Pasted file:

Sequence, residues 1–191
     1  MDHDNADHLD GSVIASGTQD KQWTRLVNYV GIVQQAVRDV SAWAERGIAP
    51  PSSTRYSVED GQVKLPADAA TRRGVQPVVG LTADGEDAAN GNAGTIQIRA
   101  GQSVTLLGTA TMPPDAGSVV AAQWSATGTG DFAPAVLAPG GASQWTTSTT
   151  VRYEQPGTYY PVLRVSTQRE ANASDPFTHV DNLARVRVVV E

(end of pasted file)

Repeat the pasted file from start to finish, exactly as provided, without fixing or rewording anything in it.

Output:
Sequence, residues 1–191
     1  MDHDNADHLD GSVIASGTQD KQWTRLVNYV GIVQQAVRDV SAWAERGIAP
    51  PSSTRYSVED GQVKLPADAA TRRGVQPVVG LTADGEDAAN GNAGTIQIRA
   101  GQSVTLLGTA TMPPDAGSVV AAQWSATGTG DFAPAVLAPG GASQWTTSTT
   151  VRYEQPGTYY PVLRVSTQRE ANASDPFTHV DNLARVRVVV E